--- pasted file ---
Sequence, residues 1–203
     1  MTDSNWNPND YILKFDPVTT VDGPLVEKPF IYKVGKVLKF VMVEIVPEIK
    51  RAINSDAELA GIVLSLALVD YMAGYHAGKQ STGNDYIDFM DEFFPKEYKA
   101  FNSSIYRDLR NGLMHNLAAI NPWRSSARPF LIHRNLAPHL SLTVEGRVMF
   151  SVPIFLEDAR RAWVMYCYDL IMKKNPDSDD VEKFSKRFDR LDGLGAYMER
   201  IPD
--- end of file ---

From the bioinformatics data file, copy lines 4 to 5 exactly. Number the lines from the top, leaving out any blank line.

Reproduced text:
   101  FNSSIYRDLR NGLMHNLAAI NPWRSSARPF LIHRNLAPHL SLTVEGRVMF
   151  SVPIFLEDAR RAWVMYCYDL IMKKNPDSDD VEKFSKRFDR LDGLGAYMER